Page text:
Within alpine and ice climbing circles, CiloGear packs have historically been coveted as a lightweight alternative to the standard climbing packs available from top brands today. New entrant Hyperlite Mountain Gear now aims to take on CiloGear with their own line of lightweight packs designed for everything from expedition and technical climbing to thru-hiking the major trails.
Based in Maine, Hyperlite Moutain Gear (HMG) designs and locally manufactures a variety of durable, lightweight, and even ultralight outdoor gear including a number of shelters, packs, stuff sacks and other accessories. HMG made me one of the Ice Packs to test out during the current ice season.
I brought the HMG Ice Pack pack with me to Bozeman and was overall impressed with the performance. I am all about lightening my load on the approach to climbs, especially in Hyalite Canyon where some of the approaches are long and steep.
The ice climbing pack is constructed out of a durable and lightweight cuben fiber/nylon hybrid material. You will find no extra frills on this pack but you have everything you need for a day out in the mountains. With a 40 L or 2400 cu/in capacity, the pack easily held two full ropes and all my gear for the day.
The HMG Ice Pack weighs only 26.5 oz. or around 1.5 lbs. You can even remove the hipbelt to further cut down on weight. An exterior ultra durable patch with bungee cord holds your crampons in place, while a protective sheath hides the sharp picks of your ice tools.
Side compression straps help hold your ice tools in place as well as keep your pack load tidy. The top Y-shaped compression straps are useful for carrying a rope on top of your pack if you can't fit it inside. Four multi-purpose daisy chain straps line the length of pack for securing extra gear. The hipbelt features a couple of gear loops for racking some hardware when climbing with your pack.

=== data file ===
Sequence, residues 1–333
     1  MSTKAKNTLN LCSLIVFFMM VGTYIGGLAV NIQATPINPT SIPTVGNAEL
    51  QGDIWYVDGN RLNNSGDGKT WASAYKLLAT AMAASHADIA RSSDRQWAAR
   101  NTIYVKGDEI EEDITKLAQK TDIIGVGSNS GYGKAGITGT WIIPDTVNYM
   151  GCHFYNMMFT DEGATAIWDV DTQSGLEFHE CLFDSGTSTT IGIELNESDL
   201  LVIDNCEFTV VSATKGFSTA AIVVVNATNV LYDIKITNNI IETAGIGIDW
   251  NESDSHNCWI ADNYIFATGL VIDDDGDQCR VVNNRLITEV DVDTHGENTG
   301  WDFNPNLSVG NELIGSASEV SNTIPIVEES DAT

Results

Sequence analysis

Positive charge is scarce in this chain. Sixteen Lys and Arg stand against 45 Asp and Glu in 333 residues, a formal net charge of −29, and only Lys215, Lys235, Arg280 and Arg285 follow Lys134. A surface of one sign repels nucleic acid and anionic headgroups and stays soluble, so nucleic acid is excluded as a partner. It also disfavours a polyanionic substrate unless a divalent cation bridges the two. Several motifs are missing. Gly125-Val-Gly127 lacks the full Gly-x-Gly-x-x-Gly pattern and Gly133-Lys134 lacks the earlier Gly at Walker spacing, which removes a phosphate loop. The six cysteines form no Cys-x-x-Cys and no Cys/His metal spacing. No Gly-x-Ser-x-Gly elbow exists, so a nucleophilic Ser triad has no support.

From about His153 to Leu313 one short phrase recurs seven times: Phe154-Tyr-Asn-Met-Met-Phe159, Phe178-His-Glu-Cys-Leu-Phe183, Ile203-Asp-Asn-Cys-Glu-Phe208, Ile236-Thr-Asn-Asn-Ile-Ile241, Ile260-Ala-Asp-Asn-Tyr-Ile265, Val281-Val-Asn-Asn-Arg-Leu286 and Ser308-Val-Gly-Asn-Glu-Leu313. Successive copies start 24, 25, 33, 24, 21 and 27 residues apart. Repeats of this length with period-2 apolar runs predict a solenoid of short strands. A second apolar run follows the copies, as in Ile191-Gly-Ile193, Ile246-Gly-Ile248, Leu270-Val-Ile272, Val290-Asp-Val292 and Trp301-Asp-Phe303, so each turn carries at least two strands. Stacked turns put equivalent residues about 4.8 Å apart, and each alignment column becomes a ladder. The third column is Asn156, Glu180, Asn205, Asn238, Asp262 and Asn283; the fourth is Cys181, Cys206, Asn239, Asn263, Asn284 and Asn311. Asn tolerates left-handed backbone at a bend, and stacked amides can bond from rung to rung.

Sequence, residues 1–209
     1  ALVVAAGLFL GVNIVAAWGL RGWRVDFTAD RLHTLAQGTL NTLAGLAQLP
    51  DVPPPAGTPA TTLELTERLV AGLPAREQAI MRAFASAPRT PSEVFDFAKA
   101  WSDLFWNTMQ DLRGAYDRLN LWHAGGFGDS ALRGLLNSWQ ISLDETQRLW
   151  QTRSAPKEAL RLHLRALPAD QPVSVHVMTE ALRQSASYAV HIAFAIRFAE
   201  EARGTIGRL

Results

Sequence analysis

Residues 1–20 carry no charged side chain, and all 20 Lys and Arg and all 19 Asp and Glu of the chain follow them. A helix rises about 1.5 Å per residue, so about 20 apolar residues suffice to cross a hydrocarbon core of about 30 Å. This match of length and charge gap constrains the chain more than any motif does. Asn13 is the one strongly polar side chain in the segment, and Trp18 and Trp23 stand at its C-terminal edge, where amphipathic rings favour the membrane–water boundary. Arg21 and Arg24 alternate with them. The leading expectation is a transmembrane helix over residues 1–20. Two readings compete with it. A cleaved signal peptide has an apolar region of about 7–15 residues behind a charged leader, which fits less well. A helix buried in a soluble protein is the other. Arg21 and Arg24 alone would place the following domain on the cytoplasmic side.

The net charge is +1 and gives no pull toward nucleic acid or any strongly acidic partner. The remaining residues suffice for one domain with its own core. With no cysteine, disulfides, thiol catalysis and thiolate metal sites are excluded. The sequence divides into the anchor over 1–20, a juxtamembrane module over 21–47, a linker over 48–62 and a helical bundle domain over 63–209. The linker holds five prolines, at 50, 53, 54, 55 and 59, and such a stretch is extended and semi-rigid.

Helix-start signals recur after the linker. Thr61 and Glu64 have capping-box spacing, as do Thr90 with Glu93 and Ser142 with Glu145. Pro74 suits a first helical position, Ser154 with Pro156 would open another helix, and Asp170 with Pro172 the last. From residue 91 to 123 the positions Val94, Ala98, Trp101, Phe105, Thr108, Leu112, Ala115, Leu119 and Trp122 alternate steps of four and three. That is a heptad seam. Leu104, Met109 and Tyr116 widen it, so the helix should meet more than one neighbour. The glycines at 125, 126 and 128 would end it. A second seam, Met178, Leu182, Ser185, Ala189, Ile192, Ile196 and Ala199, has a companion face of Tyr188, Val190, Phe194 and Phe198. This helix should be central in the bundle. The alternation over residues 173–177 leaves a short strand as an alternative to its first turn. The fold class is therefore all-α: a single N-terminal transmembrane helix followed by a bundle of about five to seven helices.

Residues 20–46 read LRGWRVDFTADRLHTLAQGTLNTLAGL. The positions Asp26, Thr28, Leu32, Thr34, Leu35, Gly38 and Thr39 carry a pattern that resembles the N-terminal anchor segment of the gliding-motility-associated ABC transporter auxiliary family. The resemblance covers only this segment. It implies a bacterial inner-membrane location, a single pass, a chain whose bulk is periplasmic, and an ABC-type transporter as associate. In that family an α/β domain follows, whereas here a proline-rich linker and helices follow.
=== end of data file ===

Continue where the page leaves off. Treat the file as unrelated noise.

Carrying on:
The Ice Pack sounds a bit like opening and closing a loud sandwich bag when the material gets cold, but this is a small price to pay for the major reduction in weight. The velcro roll top closure makes the ice climbing pack super easy to get in and out of, as well as protecting the contents from dripping water or snow.
I am not sure about the long term durability of the cuben fiber/nylon material, as I already have one small hole in the side of the pack. Holes in an ice climbing pack are probably inevitable, however, after throwing your pack in and out of car trunks with sharp tools around and hiking through pointy edged trees on the approach.
With minimal structure, I have been impressed with how comfortable the ice climbing pack is to carry, even fully loaded. The weight is easy to adjust between your hips and shoulders, depending on your current activity.
Bottom Line: The Hyperlite Mountain Gear Ice Pack is an easy way to cut out unnecessary weight without sacrificing on all the features and space you need for a fun day climbing in the mountains.
The HMG Ice Pack retails for $255 and is available from the company website.
Photo credit: Kate Higgins